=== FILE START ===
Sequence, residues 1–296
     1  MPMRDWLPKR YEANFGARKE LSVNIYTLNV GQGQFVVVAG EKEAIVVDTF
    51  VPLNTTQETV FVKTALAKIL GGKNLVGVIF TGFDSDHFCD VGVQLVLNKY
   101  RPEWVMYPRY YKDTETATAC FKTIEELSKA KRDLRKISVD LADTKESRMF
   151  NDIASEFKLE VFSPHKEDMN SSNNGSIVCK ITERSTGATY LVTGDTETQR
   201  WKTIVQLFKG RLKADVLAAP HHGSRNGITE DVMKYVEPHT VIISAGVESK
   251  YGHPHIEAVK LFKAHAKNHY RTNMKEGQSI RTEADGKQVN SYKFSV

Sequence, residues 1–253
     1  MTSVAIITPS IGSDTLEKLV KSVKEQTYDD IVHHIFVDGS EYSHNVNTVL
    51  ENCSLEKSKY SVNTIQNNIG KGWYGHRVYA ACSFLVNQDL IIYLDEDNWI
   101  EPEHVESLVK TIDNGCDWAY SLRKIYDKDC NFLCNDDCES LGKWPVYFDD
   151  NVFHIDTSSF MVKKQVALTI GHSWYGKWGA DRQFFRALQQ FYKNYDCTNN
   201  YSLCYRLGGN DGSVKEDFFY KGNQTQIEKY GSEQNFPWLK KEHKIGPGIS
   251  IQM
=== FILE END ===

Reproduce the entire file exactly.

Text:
Sequence, residues 1–296
     1  MPMRDWLPKR YEANFGARKE LSVNIYTLNV GQGQFVVVAG EKEAIVVDTF
    51  VPLNTTQETV FVKTALAKIL GGKNLVGVIF TGFDSDHFCD VGVQLVLNKY
   101  RPEWVMYPRY YKDTETATAC FKTIEELSKA KRDLRKISVD LADTKESRMF
   151  NDIASEFKLE VFSPHKEDMN SSNNGSIVCK ITERSTGATY LVTGDTETQR
   201  WKTIVQLFKG RLKADVLAAP HHGSRNGITE DVMKYVEPHT VIISAGVESK
   251  YGHPHIEAVK LFKAHAKNHY RTNMKEGQSI RTEADGKQVN SYKFSV

Sequence, residues 1–253
     1  MTSVAIITPS IGSDTLEKLV KSVKEQTYDD IVHHIFVDGS EYSHNVNTVL
    51  ENCSLEKSKY SVNTIQNNIG KGWYGHRVYA ACSFLVNQDL IIYLDEDNWI
   101  EPEHVESLVK TIDNGCDWAY SLRKIYDKDC NFLCNDDCES LGKWPVYFDD
   151  NVFHIDTSSF MVKKQVALTI GHSWYGKWGA DRQFFRALQQ FYKNYDCTNN
   201  YSLCYRLGGN DGSVKEDFFY KGNQTQIEKY GSEQNFPWLK KEHKIGPGIS
   251  IQM